A recent market survey on stem cells in research and drug discovery showed that despite a significant amount of hype and hope around stem cells, most drug discovery-related efforts today still fall into the category of basic research and the majority of that was directed towards the oncology/cancer disease area.
Human-derived stem cells were of greatest interest and the full range of stem cell types were under investigation, with no single stem cell type predominating.
The cell lineages respondents were most differentiating stem cells into were brain, neuronal and glial cells. Expense was the most limiting obstacle in stem cell research and cells that have been demonstrated to go down a particular lineage pathway only was the most relevant criteria when purchasing stem cells.
Many new research tools are now obtainable which have the ability to jump start work on stem cells and the wider availability of offthe- shelf cells derived from induced pluripotent stem cells and embryonic stem cells is expected to catalyse a profusion of approaches ultimately leading to improved compound screening, toxicity assessment, disease modelling, and new target discovery.
The much talked-about therapeutic applications of stem cells (eg regenerating damaged tissues or organs) although exciting, have for the most part, not yet reached fruition.
However, many readers may not appreciate how broadly stem cells research has gained a foothold in drug discovery and development efforts and are expected to provide new approaches leading to improved compound screening, toxicity assessment, disease modelling, new target discovery and our understanding of disease mechanisms and pathways.
The pharmaceutical industry has been investigating the potential of stem cells for around a decade now. Initially, embryonic stem cells (ESC) were seen as an unlimited source of multiple cell types for research. Those derived from mouse ESC are already being used for some small scale high-throughput screens. In addition, at least one commercial supplier now produces human cardiomyocytes on an industrial scale from ESC.
More recently, tissue-specific cells derived from human induced pluripotent stem cells (iPSC) have become available. For example, iPSC-derived cardiomyocytes have enabled therapeutically- relevant modelling of cardiovascular diseases, neurodegenerative disorders and metabolic disorders.
Scientists now have increasing access to human cells in sufficient quantities to develop new disease models and stem cell-based assay formats for use in in vitro screening and toxicity assessment. These assays when deployed earlier in the drug discovery process will significantly aid in the identification of more selective lead compounds.
Stem cells also possess the ability to morph into any of our body’s cell types, including all the diseased tissues in the body. Diseased stem cells will be critical if researchers are to directly test, screen and derisk drugs on the relevant cell types.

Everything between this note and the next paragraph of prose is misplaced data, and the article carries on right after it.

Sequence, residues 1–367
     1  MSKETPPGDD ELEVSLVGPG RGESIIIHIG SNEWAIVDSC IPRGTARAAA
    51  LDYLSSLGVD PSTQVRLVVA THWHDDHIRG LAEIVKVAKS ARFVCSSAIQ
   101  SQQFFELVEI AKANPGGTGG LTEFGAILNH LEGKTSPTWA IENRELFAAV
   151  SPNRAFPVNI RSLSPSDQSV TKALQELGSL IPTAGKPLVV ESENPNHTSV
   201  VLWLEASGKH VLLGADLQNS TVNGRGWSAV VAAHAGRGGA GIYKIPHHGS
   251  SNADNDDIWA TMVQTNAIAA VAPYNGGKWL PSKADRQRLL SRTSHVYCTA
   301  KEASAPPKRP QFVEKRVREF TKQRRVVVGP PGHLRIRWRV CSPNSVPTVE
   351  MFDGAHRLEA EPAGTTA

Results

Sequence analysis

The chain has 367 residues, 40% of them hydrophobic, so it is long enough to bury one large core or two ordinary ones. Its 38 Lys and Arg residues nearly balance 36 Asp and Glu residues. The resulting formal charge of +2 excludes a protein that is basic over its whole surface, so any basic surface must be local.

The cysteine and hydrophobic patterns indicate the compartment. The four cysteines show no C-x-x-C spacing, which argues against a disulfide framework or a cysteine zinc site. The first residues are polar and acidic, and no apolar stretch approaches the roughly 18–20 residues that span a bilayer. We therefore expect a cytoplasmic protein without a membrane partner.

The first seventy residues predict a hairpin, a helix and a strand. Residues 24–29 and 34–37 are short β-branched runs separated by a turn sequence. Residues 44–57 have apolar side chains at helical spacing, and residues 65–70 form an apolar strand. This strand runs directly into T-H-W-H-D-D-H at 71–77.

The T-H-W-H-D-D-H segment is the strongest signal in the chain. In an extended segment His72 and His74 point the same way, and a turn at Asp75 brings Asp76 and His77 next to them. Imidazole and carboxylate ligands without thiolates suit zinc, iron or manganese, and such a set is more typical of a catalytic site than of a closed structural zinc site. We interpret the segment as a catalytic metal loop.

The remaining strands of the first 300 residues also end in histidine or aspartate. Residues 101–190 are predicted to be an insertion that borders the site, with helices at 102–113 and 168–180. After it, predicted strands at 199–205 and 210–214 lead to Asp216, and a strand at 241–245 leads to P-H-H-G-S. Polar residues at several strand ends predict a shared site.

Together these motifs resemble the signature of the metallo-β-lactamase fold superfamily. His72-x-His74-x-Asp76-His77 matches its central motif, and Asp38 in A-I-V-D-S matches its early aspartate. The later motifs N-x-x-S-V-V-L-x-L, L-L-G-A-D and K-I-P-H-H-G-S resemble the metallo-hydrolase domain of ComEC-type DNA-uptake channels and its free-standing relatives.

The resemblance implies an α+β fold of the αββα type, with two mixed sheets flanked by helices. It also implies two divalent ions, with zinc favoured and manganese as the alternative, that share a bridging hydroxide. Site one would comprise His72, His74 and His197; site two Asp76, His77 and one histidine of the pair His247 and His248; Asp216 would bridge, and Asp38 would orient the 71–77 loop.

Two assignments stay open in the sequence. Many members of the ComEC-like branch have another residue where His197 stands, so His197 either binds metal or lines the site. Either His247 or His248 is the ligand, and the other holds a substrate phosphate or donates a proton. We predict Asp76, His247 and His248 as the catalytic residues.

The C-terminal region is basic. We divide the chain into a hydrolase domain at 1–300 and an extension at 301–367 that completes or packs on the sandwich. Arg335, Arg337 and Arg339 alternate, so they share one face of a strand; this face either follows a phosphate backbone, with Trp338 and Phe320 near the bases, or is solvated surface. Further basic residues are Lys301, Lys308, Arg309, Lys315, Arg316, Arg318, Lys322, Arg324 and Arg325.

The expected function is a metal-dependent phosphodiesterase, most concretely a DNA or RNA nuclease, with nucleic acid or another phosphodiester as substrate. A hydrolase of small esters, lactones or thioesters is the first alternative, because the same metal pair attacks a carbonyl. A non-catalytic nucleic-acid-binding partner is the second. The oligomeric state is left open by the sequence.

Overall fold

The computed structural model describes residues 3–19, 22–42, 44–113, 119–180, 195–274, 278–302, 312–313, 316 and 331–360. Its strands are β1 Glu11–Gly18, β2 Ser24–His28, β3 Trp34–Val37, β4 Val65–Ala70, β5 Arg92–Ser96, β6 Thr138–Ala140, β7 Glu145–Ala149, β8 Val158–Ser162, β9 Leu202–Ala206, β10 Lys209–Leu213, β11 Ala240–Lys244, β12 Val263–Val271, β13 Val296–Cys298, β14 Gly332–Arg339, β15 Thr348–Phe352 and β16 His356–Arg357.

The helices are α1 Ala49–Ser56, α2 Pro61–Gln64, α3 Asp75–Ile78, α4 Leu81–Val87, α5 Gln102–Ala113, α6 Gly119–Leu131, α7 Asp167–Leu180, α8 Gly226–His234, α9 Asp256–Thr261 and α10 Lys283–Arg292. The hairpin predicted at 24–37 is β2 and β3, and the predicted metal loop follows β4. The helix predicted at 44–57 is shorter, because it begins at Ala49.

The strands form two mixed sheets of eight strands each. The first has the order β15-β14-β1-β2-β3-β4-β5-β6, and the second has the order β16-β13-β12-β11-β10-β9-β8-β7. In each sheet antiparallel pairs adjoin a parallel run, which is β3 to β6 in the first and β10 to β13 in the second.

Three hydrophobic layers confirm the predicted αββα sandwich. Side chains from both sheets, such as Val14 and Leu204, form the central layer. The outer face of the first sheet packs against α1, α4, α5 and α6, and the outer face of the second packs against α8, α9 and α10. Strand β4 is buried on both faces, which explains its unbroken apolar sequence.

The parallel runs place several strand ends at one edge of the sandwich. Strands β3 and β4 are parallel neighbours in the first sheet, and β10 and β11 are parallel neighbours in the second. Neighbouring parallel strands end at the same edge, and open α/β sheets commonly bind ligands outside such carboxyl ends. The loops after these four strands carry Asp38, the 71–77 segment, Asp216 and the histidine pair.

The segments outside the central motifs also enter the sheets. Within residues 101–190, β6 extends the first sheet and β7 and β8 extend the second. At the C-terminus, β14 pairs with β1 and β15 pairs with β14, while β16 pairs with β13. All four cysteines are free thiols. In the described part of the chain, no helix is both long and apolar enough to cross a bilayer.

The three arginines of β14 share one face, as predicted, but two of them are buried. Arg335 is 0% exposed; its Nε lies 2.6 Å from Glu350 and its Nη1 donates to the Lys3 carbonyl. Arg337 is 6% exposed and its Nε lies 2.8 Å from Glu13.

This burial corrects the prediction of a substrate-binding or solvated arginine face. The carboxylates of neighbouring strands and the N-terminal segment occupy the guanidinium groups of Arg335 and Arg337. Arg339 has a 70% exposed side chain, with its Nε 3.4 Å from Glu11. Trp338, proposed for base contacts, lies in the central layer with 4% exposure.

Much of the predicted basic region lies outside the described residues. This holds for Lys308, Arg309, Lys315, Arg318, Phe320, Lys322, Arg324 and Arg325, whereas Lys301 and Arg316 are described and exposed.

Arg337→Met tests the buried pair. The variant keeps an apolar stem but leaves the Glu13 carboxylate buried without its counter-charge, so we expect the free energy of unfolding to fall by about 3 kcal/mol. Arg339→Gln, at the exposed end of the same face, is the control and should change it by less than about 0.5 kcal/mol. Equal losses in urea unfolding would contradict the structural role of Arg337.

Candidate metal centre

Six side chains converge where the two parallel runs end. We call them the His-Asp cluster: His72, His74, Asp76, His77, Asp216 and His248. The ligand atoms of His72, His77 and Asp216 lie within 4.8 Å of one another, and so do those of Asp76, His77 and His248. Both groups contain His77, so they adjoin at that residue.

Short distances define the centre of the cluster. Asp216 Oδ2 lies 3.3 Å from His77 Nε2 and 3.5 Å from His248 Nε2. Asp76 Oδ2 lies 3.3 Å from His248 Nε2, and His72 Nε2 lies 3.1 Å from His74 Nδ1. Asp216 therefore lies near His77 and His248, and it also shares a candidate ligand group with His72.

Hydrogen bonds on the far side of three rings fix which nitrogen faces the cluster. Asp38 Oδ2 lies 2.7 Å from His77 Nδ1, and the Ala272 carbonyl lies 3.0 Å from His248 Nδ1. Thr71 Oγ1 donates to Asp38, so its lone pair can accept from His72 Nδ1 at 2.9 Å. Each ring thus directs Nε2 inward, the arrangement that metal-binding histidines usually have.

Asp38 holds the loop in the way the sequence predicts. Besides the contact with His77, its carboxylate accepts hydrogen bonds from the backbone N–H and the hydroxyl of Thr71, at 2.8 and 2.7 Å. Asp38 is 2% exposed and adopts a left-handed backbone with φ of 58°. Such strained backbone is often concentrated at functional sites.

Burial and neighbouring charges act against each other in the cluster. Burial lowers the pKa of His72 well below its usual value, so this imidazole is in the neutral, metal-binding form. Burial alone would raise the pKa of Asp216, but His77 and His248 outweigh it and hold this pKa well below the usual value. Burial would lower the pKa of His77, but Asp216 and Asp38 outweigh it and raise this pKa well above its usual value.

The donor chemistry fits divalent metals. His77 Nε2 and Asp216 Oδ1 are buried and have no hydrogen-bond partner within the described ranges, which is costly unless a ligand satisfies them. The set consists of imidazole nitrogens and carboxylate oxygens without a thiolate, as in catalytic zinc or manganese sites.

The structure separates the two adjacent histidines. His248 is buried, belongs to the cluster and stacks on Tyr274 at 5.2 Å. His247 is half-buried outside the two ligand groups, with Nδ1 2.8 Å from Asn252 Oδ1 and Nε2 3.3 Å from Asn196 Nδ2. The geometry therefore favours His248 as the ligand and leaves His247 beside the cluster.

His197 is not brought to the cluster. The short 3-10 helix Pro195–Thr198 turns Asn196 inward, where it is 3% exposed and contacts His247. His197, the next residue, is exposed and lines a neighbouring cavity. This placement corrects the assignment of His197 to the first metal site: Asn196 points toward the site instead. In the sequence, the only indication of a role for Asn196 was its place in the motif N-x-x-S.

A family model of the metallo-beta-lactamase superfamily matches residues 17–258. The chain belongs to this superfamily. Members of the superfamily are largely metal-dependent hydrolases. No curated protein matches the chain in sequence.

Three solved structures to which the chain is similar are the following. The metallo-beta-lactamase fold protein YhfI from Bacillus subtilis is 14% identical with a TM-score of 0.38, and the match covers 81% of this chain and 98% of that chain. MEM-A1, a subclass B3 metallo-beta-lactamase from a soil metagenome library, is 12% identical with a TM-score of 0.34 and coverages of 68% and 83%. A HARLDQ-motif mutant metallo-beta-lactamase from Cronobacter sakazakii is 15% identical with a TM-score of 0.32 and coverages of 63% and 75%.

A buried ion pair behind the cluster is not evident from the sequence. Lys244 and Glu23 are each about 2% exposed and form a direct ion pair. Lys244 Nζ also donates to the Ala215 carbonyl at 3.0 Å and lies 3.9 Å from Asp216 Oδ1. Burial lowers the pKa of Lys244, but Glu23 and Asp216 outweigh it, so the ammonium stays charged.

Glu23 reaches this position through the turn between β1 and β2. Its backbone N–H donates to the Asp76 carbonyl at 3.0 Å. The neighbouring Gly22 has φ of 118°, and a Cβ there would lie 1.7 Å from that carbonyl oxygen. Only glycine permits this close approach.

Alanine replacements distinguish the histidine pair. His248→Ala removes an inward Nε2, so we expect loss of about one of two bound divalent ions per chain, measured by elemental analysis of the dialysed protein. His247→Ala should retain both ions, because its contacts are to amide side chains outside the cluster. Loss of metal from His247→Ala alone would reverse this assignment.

Underpinning all these activities is the need for improvements in techniques used for culturing, expansion, characterisation and differentiation of human ESC and iPSC, as well as reprogramming techniques for the creation of iPSC.
This article is based on some of the findings of HTStec’s Stem Cells in Research & Drug Discovery Trends survey and report, published in December 2012 (1). We attempt to explore the current use of stem cells by reporting on those key questions about the incorporation of stem cells into drug discovery and development efforts. Readers will see there are a multiplicity of objectives and applications for stem cells and although they are undertaken by researchers in Pharma and Biotech, many have more to do with basic research than actual
Key demographics of stem cell use in research and drug discovery
Survey respondents reported that 38% of their entire cell work being undertaken today (2012) involved stem cells. Only 17% of survey respondents were currently using stem cells in clinical applications.
The stage in the drug discovery and development process most using stem cells today by survey respondents was basic research (41% using). This was followed by 28% not currently applying in drug discovery. Use by survey respondents in other specific aspects of drug discovery was limited to 8% or less per area.
Most (40%) survey respondents were utilising stem cells in research or drug discovery applications in the oncology/cancer disease area. This was followed by diabetes (25% utilising) and other neurological disorders (22% utilising). Stem cells were least utilised in the respiratory/pulmonary disease area.
The majority (60%) of survey respondents’ stem cells research was done with human-derived cells. This was followed by 28% mouse derived; 7% rat derived; and 5% other derived